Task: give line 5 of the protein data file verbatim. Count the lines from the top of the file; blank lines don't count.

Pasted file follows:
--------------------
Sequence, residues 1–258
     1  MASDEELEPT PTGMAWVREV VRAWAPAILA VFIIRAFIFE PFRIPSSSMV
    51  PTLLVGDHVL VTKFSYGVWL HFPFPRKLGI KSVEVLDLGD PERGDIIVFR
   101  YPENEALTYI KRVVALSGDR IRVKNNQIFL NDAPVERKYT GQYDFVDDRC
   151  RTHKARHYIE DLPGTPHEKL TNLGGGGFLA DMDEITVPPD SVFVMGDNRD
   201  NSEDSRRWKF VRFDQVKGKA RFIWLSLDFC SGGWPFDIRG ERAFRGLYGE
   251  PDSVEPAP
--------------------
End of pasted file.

   151  RTHKARHYIE DLPGTPHEKL TNLGGGGFLA DMDEITVPPD SVFVMGDNRD